Image by Baylen Whitfield

Written by Baylen Whitfield. Media by Baylen Whitfield.

Image by Baylen Whitfield
Image by Baylen Whitfield

Do you know that you’re almost never not being watched? Are you aware that your location is constantly being tracked by your cellphone’s data, that in order to seek suspicious foreigners, President Obama’s NSA reads some “private” emails and text messages sent abroad, that the FBI has drones that spy on U.S citizens from the sky in order to try to track and limit crimes, or that even certain street lights equipped with proximity sensors monitor your activities and conversations through their built in cameras and speakers? No matter what we do, it seems as though we never make it completely off the grid or out of the sights of our governments.

Nowadays security and technology are becoming so advanced that we hardly have any privacy. Interestingly enough, our governments, pioneers of technology, as well as our peers, normally all claim that these technological advances, security systems, and privacy laws are not only making our lives much easier, but safer too. I agree, many technological advances, security systems, and privacy laws have made life easier, safer, and even more enjoyable for most of us but where do we draw the line and say enough is enough? Here are several more surprising ways the government is, or are possibly, keeping tabs on you through technology and the use of privacy and security laws.


  1. Our License Plates

Numerous towns have introduced cameras and are making an effort to get serious about traffic violations. At the point when a photograph is taken of a tag, the photograph and ticket are sent to the owner of the vehicle’s home. Normally a hundred dollar ticket, the individual has a certain amount of time to pay before penalties are added.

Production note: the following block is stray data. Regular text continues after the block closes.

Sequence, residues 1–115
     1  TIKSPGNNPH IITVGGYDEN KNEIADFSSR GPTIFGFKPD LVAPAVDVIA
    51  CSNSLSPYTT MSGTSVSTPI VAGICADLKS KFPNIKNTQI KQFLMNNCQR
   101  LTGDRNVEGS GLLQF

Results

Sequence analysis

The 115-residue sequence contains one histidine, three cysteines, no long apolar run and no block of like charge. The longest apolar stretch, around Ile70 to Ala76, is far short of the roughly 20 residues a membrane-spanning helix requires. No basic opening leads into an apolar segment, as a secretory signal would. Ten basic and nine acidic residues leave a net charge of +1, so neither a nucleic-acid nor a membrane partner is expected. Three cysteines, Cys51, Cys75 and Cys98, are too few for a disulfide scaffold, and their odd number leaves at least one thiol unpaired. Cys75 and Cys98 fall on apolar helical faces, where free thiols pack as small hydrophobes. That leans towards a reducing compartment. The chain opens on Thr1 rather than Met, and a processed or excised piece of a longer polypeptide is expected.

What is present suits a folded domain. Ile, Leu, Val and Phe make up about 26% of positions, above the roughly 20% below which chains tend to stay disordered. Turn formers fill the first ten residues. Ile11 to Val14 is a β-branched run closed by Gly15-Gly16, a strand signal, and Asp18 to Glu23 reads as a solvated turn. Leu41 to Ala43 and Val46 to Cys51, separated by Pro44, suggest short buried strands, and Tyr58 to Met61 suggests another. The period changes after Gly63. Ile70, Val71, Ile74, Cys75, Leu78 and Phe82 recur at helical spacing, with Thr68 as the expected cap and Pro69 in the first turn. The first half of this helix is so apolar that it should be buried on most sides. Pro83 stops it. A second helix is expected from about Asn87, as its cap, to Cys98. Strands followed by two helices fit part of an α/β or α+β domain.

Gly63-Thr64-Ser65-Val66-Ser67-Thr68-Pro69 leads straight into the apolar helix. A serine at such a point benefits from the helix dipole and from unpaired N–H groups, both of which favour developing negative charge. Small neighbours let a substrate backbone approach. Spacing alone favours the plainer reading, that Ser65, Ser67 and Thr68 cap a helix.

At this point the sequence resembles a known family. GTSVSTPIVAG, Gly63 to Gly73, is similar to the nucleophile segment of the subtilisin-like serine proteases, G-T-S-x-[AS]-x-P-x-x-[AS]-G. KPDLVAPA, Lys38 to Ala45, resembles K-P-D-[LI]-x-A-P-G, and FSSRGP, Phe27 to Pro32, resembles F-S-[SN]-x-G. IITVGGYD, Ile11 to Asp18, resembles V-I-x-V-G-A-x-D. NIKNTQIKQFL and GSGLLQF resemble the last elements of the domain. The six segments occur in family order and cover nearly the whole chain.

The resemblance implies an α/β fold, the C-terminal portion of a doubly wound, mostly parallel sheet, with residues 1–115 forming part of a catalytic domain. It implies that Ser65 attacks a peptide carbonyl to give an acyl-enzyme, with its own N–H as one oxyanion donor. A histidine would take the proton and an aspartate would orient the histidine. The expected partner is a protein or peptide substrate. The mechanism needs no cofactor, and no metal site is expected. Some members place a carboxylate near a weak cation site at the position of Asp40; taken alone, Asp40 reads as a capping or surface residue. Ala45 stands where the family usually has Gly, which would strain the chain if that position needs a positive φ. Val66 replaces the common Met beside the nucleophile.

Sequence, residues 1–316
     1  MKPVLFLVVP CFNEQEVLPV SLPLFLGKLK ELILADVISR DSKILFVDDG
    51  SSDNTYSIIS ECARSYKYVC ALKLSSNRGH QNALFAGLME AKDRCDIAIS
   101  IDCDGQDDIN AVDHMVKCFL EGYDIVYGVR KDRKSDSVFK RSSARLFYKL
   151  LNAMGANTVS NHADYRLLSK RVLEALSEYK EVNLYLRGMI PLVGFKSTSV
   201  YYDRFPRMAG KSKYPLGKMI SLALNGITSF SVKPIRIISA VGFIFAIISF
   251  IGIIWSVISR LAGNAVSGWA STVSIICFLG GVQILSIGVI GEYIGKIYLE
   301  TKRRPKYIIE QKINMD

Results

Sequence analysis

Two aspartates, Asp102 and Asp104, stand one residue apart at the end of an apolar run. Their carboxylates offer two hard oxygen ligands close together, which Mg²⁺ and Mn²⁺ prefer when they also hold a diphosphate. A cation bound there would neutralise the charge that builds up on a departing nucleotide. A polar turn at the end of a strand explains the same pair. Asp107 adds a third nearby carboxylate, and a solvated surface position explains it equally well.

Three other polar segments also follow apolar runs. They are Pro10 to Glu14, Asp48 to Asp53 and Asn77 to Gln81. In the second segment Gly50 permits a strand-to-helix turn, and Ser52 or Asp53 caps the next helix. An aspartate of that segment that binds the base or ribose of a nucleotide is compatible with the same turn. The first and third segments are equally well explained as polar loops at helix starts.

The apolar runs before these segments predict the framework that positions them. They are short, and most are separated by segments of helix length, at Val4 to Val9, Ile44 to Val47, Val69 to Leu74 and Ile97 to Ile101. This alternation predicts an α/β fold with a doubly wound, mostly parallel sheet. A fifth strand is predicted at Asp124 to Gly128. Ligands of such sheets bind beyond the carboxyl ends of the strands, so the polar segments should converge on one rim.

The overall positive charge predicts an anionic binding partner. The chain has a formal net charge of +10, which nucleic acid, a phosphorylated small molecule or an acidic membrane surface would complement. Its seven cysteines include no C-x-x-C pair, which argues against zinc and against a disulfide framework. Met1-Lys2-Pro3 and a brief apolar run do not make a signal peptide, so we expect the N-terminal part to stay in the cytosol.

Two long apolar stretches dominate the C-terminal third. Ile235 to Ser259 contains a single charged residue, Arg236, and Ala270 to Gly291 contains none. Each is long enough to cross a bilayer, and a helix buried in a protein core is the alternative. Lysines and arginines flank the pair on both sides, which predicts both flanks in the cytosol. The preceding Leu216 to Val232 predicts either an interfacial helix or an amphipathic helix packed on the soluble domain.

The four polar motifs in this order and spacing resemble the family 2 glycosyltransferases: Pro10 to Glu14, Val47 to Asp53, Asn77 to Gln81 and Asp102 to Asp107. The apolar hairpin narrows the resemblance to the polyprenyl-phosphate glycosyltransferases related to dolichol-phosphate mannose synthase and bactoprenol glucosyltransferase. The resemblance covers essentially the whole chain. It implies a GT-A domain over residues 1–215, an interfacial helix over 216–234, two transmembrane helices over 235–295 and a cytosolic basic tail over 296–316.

1. Public Surveillance

Many urban areas have introduced surveillance cameras in their open territories, as well as alleyways and underground at subway stations, to try and prevent crimes. But innocent, law-abiding citizens also get recorded. Most of these people have no idea they are being watched.


  1. Phone Records

NSA had gathered Verizon’s cellphone records from many unknowing citizens of the United States. The Guardian reported that the government was doing this “indiscriminately and in bulk — regardless of whether they are suspected of any wrongdoing.”


  1. Observing Your Activity… From your Household Appliances
Image by Baylen Whitfield
Image by Baylen Whitfield

Just about everything, even those things we least expect have Wi-Fi these days. One of these things we hardly expect is our refrigerator. With technology becoming more advanced, even our household appliances become Wi-Fi enabled. As joyful as it may seem for us, it’s also useful for government officials, who want to watch “sneaky” Americans. Director of the CIA David Petraeus said, “Items of interest will be located, identified, monitored, and remotely controlled through technologies such as radio-frequency identification, sensor networks, tiny embedded servers, and energy harvesters.”


5 Through Our Televisions

According to the Huffington Post, “There is technology that’s built-in to so-called ‘smart’ TVs, which would allow the cable company (or potentially the government) to watch you through your television.” To date, however, it is not being used for that purpose.


Image by Baylen Whitfield
Image by Baylen Whitfield

Although there are more ways the government spies on us, those are just a few of the more shocking ways. All these ways that the government can watch us and access our information may seem enjoyable and provide us with a sense of security but I am concerned as to where all this will stop. Will this be as far as our security and privacy laws go, or will we be soon implanted with microchips at birth harvesting all of our information? Will things soon get so ridiculously out of hand and we’ll be walking around completely controlled by our government with microchips that are placed in our brains? I guess we won’t know until the day comes.



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